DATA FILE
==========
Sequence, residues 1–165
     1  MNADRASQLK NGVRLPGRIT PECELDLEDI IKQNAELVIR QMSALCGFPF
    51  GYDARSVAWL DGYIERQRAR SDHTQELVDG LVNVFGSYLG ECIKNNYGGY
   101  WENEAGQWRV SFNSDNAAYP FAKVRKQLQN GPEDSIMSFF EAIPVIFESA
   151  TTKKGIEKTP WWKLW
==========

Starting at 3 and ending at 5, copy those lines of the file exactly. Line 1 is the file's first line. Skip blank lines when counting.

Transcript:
    51  GYDARSVAWL DGYIERQRAR SDHTQELVDG LVNVFGSYLG ECIKNNYGGY
   101  WENEAGQWRV SFNSDNAAYP FAKVRKQLQN GPEDSIMSFF EAIPVIFESA
   151  TTKKGIEKTP WWKLW